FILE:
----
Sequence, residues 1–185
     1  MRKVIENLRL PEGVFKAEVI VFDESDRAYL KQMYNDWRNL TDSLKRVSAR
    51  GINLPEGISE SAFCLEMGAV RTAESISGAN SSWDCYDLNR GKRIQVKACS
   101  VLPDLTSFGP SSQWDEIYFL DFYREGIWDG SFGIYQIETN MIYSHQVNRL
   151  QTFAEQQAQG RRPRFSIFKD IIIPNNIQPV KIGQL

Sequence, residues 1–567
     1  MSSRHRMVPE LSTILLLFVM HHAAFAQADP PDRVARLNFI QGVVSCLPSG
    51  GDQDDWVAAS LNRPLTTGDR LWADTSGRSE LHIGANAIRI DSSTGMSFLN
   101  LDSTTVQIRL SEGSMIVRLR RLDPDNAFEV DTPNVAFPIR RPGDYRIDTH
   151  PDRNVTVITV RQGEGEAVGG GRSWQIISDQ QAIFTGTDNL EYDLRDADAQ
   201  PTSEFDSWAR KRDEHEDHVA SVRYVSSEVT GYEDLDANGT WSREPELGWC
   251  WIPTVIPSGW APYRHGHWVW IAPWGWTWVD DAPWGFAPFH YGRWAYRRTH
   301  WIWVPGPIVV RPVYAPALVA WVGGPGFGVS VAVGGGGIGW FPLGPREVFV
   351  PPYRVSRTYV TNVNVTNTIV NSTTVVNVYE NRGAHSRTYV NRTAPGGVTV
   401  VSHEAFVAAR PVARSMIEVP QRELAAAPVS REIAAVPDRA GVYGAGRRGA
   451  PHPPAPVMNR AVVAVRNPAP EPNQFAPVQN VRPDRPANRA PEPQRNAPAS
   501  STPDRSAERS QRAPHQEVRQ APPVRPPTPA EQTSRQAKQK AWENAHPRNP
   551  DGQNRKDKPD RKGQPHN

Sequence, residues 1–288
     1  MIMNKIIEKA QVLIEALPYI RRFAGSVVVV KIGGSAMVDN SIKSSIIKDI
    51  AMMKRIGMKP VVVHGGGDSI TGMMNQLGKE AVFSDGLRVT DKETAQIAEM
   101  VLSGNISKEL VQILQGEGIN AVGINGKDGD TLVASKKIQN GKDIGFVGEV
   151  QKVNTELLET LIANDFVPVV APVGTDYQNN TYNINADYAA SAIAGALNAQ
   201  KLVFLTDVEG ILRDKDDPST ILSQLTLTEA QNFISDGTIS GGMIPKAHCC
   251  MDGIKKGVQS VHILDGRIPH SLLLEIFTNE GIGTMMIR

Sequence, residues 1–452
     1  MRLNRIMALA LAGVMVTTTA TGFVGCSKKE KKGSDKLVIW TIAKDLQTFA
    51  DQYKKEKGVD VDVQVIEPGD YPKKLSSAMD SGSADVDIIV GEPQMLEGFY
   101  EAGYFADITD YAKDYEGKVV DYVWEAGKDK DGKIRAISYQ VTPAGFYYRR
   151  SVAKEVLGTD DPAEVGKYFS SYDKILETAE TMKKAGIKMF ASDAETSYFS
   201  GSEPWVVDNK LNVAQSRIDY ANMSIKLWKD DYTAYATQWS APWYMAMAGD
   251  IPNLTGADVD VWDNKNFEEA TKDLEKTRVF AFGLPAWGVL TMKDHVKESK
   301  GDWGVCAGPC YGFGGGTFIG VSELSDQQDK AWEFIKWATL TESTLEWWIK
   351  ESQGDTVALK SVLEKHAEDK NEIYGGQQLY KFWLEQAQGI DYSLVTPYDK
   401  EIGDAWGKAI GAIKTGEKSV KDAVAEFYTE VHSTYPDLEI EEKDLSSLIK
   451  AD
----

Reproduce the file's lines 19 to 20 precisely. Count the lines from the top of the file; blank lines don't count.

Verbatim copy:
Sequence, residues 1–288
     1  MIMNKIIEKA QVLIEALPYI RRFAGSVVVV KIGGSAMVDN SIKSSIIKDI